The Victorian Government is calling for technology to be installed across its electricity distribution network to reduce the risk of fire from fallen power lines.

After a successful trial earlier this year, new regulations will require power distributors in high risk areas to install the technology, with formal legislation to be introduced next year after consultations.

It will see Rapid Earth Fault Current Limiters rolled-out in various fire-prone regions.

The limiters work by reducing the electrical current running through a power line when it comes in contact with other objects, such as the ground or a fallen tree.

The technology has been adapted from similar approaches used in underground cable networks overseas.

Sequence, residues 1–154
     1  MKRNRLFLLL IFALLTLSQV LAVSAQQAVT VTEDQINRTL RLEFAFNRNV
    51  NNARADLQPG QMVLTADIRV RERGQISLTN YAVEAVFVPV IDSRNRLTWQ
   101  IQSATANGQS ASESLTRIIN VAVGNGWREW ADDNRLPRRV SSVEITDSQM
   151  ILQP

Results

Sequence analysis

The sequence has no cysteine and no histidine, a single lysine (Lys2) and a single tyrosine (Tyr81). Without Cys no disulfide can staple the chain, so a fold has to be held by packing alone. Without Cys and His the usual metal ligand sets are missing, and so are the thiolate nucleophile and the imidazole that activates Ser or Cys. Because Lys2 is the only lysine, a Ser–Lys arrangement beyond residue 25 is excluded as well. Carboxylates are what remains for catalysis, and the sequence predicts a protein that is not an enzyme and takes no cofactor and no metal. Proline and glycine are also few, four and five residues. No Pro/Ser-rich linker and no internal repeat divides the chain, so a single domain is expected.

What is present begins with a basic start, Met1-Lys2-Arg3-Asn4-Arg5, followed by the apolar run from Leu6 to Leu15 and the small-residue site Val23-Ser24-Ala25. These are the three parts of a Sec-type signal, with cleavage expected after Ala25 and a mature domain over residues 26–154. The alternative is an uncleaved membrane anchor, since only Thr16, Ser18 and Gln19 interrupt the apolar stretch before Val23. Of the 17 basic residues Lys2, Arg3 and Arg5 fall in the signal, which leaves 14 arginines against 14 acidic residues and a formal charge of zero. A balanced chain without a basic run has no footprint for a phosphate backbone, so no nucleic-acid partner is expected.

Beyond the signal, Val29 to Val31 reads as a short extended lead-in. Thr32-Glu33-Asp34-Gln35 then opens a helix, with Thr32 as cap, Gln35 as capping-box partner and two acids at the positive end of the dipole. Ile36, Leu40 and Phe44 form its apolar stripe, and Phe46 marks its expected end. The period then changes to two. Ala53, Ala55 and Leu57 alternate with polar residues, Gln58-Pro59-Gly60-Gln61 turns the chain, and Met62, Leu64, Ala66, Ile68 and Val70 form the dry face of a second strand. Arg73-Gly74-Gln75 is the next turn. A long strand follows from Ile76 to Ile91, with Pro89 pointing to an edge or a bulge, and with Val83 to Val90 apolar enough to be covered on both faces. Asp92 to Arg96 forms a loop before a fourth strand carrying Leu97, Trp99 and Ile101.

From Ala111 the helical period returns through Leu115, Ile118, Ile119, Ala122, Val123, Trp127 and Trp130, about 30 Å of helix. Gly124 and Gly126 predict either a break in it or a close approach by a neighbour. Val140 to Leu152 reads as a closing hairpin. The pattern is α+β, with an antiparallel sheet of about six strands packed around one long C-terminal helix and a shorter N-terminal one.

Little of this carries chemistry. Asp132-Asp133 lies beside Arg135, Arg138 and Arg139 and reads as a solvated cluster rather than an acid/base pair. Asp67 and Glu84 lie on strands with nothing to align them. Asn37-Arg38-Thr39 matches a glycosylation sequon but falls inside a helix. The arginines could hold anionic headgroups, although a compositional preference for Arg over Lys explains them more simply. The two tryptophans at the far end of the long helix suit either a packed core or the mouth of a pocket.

Victoria's Energy Minister Lily D'Ambrosio said it would significantly reduce the fire risk, after powerlines were blamed for some of the devastating bushfires on Black Saturday in 2009, which claimed 119 lives.

“We know that through the trials we've been running, we can reduce by 10 times the likelihood of a bushfire starting from a high-voltage powerline,” she said.

“It won't be right across the state, we will be targeting the areas most in need of it, where we know faulty powerlines actually caused the Black Saturday fires to start.

“That's the purpose of this, it's bushfire related and it's a direct result of one of the key recommendations of the royal commission that came out of the 2009 bushfires.”

The Government expects the upgrades to take about seven years to roll out, but will add “no more than 1 per cent” to the typical power bill.

“The point is, it will save lives, it is a very small cost for the potential to avoid the terrible life and death situation that Victorians were confronted with in 2009,” Ms D’Ambrosio said.